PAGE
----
top of page
Search

How to Calculate Dough for your Loaf tin

Updated: Feb 14, 2022

This post teaches you how to calculate the dough you need to make a perfect block of Shokupan loaf with your Pullman Baking Tin.

I started making Tang Zhong | Shokupan | Yudane based bread around 4 years ago and very slowly invested in all sizes of Pullman loaf tins for that purpose. For those of you who do not know what a Pullman Loaf tin is, they are the baking tins with a lid that enables you to bake a loaf of bread in to a perfect block.

I find that a lot of sources out there instructs to use a basic loaf tin with only the width and length as dimension and not a lot provides the depth of the tin, because this information is crucial especially if you are trying to bake a loaf that comes out as a complete block in the Pullman tin.

In saying that, I also understand that it can be rather difficult to give an exact amount of dough required for any loaf tins that are never really the same worldwide, and who really wants to invest in every single baking tins out there with only a slight millimetre in measurement difference? I almost went that far, but will power won me over ðŸ˜Š

Therefore, I have come up with a solution for this problem for you!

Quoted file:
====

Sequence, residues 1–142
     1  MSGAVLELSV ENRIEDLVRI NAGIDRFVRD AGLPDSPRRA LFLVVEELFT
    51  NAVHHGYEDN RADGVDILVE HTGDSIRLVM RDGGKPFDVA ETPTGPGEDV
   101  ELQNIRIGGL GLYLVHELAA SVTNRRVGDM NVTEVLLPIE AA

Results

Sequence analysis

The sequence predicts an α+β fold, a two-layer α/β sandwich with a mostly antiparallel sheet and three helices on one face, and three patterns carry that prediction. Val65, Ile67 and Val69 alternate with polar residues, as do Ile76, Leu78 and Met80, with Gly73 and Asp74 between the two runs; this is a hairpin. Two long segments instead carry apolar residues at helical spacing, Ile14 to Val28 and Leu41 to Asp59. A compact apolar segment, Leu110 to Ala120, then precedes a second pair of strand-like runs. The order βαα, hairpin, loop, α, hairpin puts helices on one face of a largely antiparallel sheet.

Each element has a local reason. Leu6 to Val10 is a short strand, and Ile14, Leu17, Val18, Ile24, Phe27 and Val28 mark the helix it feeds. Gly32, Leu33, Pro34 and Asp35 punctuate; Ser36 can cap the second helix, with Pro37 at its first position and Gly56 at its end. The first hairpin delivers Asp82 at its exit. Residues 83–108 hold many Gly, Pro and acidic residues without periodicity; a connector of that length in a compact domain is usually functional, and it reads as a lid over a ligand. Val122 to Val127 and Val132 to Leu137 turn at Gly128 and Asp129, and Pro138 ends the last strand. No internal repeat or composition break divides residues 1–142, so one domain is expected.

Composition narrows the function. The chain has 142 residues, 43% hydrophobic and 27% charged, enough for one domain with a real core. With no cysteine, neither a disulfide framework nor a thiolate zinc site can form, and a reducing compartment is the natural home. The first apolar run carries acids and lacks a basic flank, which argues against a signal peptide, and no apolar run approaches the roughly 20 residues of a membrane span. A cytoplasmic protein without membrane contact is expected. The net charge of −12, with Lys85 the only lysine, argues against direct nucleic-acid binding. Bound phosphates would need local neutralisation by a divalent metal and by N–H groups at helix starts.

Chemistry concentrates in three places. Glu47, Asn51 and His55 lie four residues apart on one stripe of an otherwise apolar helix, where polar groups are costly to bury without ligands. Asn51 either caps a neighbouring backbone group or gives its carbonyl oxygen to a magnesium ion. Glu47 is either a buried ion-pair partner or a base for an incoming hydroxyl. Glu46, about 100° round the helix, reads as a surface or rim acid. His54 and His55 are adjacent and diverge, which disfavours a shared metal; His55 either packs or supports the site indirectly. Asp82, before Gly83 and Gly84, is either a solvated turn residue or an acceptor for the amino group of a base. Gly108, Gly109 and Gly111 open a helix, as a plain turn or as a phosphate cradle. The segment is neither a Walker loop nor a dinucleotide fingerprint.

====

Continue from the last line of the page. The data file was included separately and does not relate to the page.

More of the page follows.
Before I get into how to calculate the amount of dough needed to capacitate a Pullman tin for a perfect block of bread each time, the calculation method provided below is based off my experiment with one standard Pullman Tin with the dimension of approximately 20cm x 10.5cm x 10.5 cm and only works for the recipe and type of bread that I will be baking with the specified baking tins. If you are going to make other bread recipe, you can however adapt the calculations with your own experimented loaf.

TOTAL WEIGHT AND FINAL DOUGH WEIGHT

Below is a table of content that shows you Four different loaves A, B, C, & D, and the recommended dimension for the Pullman Tin, and each loaf will have a different amount of each ingredients listed that gives you the Total Weight. Because human is never that perfect, it is impossible to say that if the weight of the total ingredients are 500g, we will end up with the exact amount. The loss in weight can be a combination factor of us losing some of the dough during handling and kneading, leaving some residue in the bowl, as well as due to evaporation of liquid, which will be common when we are preparing the Tang Zhong. What is left after the loss in weight during preparation of the dough will be the Final Dough Weight.